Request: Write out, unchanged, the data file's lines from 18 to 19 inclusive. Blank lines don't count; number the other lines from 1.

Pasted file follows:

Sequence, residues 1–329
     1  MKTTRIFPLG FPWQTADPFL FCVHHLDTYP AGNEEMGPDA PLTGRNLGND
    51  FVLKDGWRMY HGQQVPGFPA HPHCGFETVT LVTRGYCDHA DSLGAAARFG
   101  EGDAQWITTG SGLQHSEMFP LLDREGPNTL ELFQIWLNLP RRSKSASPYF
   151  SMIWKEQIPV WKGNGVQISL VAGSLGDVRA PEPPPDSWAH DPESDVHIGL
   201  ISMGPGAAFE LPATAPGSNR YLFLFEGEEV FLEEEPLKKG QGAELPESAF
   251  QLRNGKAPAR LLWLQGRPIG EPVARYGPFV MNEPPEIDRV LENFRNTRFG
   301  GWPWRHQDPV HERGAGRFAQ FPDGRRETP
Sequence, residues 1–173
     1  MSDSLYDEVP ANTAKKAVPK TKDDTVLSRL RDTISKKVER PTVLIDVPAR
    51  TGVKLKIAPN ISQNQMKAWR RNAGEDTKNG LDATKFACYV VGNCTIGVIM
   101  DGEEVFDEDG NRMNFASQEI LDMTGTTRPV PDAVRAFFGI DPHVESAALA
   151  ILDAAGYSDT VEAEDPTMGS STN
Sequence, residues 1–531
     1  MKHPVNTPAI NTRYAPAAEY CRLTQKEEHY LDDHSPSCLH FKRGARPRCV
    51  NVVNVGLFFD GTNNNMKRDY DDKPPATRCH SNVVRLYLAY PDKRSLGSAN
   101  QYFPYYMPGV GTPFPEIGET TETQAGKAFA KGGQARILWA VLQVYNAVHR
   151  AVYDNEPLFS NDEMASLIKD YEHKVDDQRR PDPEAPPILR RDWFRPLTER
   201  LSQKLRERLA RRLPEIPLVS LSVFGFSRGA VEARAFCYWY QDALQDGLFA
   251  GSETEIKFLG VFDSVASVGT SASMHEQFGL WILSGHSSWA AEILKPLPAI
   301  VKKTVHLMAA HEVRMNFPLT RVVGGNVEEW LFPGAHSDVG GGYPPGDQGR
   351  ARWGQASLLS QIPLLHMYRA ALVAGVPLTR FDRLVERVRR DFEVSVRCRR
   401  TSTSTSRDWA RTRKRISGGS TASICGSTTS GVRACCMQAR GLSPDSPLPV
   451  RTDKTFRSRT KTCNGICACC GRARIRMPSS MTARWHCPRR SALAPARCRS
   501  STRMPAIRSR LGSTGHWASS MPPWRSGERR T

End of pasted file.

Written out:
   151  AVYDNEPLFS NDEMASLIKD YEHKVDDQRR PDPEAPPILR RDWFRPLTER
   201  LSQKLRERLA RRLPEIPLVS LSVFGFSRGA VEARAFCYWY QDALQDGLFA